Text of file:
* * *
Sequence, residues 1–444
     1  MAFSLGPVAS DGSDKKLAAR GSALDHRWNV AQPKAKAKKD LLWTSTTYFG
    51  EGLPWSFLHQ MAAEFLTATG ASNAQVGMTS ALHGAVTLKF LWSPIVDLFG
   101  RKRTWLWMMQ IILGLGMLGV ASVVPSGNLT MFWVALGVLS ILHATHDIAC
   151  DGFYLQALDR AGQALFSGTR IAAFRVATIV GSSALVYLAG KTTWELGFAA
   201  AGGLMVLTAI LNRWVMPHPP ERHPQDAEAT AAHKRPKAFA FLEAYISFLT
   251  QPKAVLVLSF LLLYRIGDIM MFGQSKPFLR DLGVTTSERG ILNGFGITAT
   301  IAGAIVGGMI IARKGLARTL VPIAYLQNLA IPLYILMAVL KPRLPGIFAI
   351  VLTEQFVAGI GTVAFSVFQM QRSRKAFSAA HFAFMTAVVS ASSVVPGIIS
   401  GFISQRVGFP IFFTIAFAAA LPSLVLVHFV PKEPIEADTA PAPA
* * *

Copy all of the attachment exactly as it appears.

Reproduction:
Sequence, residues 1–444
     1  MAFSLGPVAS DGSDKKLAAR GSALDHRWNV AQPKAKAKKD LLWTSTTYFG
    51  EGLPWSFLHQ MAAEFLTATG ASNAQVGMTS ALHGAVTLKF LWSPIVDLFG
   101  RKRTWLWMMQ IILGLGMLGV ASVVPSGNLT MFWVALGVLS ILHATHDIAC
   151  DGFYLQALDR AGQALFSGTR IAAFRVATIV GSSALVYLAG KTTWELGFAA
   201  AGGLMVLTAI LNRWVMPHPP ERHPQDAEAT AAHKRPKAFA FLEAYISFLT
   251  QPKAVLVLSF LLLYRIGDIM MFGQSKPFLR DLGVTTSERG ILNGFGITAT
   301  IAGAIVGGMI IARKGLARTL VPIAYLQNLA IPLYILMAVL KPRLPGIFAI
   351  VLTEQFVAGI GTVAFSVFQM QRSRKAFSAA HFAFMTAVVS ASSVVPGIIS
   401  GFISQRVGFP IFFTIAFAAA LPSLVLVHFV PKEPIEADTA PAPA